Meredith Beck, Sarah J. Gafgen and Alexis Newbauer star in VANITIES at Hedgerow Theatre. (Photo credit: Wide Eyed Studios)

VANITIES On Display at Hedgerow

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Hedgerow Theatre’s latest production, VANITIES, is an oldie but goodie. Seldom seen in recent memory, it has the distinction of being one of the longest-running plays in off-Broadway history, running for 1800 performances. Watching the production at Hedgerow, it’s easy to see why…the story, the characters, and the production itself are compelling.

VANITIES centers around 3 young women…Joanne (Meredith Beck), the conservative and somewhat naïve one, Kathy (Sarah J. Gafgen), the “planner”, and Mary (Alexis Newbauer), the most carefree and free-spirited of the group. We see them as high school cheerleaders in 1963, planning a bonfire, dances, and their futures until the announcement of the death of President Kennedy throws things into question. Next, they are college sophomores, sisters in the same sorority, still planning events and their futures, except that Kathy is not as sure of what to do after college. Finally we see the women in the mid-70’s…Joanne is married with children and still very conservative, Mary has opened an art gallery and is exploring her sexuality, and Kathy is staying in a luxurious apartment in New York City, and is reading all the books she never read in college. The women meet at Kathy’s apartment for drinks, and…

Sarah J. Gafgen, Meredith Beck and Alexis Newbauer in Hedgerow Theatre’s production of VANITIES.
(Photo credit: Wide Eyed Studios)

There is much to like about this production, beginning with the performances of the actresses. All three of the performers were wonderful, with firm grasps of their characters, and each showed the development of their individual characters from scene to scene. Newbauer in particular was very good with this, as her character had the most “growth” to make, and she handled it very well. The set (designed by Zoran Kovic) was a series of tables, which the cast moved during scene changes to adapt to each new setting…very cleverly planned and executed. The use of music of the era was effective without being overbearing.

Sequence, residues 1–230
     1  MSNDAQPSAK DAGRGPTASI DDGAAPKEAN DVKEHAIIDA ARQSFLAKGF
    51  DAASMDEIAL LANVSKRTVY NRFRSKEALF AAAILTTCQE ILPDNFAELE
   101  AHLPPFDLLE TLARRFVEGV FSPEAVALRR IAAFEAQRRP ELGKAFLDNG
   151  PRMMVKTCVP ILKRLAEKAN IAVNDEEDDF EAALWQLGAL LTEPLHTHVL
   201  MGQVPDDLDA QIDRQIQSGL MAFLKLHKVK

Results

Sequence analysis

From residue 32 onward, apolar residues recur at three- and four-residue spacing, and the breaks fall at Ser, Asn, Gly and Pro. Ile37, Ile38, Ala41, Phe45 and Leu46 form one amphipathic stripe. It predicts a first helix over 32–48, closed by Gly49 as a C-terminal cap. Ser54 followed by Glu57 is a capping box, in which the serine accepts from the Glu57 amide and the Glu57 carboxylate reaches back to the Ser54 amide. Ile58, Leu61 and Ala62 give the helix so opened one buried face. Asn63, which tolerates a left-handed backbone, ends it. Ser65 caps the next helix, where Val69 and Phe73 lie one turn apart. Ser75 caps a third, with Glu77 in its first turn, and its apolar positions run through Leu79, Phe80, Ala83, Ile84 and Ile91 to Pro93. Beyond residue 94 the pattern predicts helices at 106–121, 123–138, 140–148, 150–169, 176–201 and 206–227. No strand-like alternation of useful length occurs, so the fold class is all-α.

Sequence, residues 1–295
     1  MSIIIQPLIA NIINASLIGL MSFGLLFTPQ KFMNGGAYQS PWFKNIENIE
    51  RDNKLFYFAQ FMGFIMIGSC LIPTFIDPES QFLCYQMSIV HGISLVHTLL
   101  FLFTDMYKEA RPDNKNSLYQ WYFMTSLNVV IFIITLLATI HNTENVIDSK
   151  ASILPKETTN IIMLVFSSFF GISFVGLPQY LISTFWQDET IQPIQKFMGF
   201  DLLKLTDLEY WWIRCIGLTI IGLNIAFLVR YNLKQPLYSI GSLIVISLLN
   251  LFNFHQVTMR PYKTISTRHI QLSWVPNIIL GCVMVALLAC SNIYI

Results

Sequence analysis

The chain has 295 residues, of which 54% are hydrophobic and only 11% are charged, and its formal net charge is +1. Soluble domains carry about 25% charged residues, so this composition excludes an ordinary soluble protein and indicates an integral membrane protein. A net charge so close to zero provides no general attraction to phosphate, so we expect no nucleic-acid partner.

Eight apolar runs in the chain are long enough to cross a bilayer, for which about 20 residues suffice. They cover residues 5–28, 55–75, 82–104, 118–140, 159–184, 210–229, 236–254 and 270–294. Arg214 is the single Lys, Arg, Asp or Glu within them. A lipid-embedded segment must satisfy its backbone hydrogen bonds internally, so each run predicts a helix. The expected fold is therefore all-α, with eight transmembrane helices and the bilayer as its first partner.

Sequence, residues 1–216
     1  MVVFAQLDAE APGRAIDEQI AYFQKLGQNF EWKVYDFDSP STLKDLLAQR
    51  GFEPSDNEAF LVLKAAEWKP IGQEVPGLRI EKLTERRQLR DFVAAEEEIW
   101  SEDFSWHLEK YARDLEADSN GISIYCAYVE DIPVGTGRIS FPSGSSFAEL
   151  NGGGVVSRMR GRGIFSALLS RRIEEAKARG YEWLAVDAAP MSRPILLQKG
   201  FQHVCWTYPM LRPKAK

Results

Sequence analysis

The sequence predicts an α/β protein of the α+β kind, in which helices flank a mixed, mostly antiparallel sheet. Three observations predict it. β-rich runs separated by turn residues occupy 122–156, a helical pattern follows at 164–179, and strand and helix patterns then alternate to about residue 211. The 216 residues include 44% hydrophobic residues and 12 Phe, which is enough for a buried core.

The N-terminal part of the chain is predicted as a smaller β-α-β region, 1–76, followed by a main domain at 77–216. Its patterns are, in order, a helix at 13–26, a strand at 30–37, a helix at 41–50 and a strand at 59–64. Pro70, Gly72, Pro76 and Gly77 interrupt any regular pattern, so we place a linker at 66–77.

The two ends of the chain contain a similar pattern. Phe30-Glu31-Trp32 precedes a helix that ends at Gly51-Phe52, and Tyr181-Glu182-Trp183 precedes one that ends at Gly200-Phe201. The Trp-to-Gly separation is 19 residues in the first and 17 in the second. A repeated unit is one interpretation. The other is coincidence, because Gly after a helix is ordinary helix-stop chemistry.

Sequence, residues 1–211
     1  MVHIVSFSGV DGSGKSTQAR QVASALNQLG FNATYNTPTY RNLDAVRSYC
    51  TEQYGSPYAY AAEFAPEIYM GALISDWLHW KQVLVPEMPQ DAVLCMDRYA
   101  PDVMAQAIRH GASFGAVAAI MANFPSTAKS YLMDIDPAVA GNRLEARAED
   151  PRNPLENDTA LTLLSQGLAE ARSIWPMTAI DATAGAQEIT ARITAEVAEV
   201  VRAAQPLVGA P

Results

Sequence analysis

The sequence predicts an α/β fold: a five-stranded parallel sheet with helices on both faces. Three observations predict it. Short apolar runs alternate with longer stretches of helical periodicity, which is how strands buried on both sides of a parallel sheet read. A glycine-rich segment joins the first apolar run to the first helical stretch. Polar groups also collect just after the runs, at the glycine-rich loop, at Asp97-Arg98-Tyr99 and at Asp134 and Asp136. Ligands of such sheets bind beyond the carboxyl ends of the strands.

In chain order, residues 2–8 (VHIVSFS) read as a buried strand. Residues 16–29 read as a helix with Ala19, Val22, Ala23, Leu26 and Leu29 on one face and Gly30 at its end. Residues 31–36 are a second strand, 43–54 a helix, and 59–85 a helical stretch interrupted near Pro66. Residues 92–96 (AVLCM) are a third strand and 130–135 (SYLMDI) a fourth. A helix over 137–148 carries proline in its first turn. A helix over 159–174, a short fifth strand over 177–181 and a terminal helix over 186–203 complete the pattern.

There were a couple things that I was not fully engaged with, however. The opening, while clever,, may have been a bit “too” clever, with the actresses coming in from the back of the theatre, one with a cell phone, another with an Android tablet. It was distracting and had nothing to do with the actual production. The subsequent “pre-show”, where the ladies sat at their vanity tables (again, cleverly constructed with the set pieces) and got ready for the first act, ran about 5 minutes too long. The audience’s attention waned about halfway through the sequence. The pace of the show was a bit too brisk…accents were spot-on, but doing a play that takes place in Texas also requires a bit of a slowdown in delivery. At times the pace was so breakneck that the actresses were delivering lines at the expense of building the suspense. Slowing down a bit would not hurt the pace of the show and would help the audience tremendously.

All in all, this is a good production, well worth coming out to see. The performances are excellent, the story very compelling, and the theatre itself is historic and beautiful.

A play by Jack Heifner
Directed by Penelope Reed
January 9 through February 9, 2014
Hedgerow Theatre
146 West Rose Valley Road
Rose Valley PA 19086
(610) 565-4211

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Walter Bender

Walter Bender

Walter Bender is a veteran of over 35 years performing all over the country. He attended Texas Lutheran University as a Theatre Arts and Vocal Performance major. While in college he toured much of the Southern and Western states with various acting and singing groups. He appeared briefly on radio in San Antonio and on TV in Miami while in college. Moving back to PA, he has performed in well over 100 amateur and professional theatrical productions, and directed dozens more throughout the Mid-Atlantic region. Among his favorite roles are Lt. Colonel Jessup (A Few Good Men), Daddy Warbucks (Annie), and most recently he was George in Who’s Afraid of Virginia Woolf? Arguably his favorite theatrical memory was creating the role of Alan Frick in A Fast Train to Heaven for Bill Gottshall Productions. He is co-founder of Spring-Ford Community Theater, has served as Managing Director of 2 different theaters, Artistic Director of a third and President of another. He worked for the Delaware Valley Arts Institute, where he worked with many wonderful artists and instructors, culminating in being selected to facilitate a post-graduate course at St. Joseph’s University in Philadelphia. Currently he serves on the board of directors for dcp theatre as their Director of Corporate Communications.

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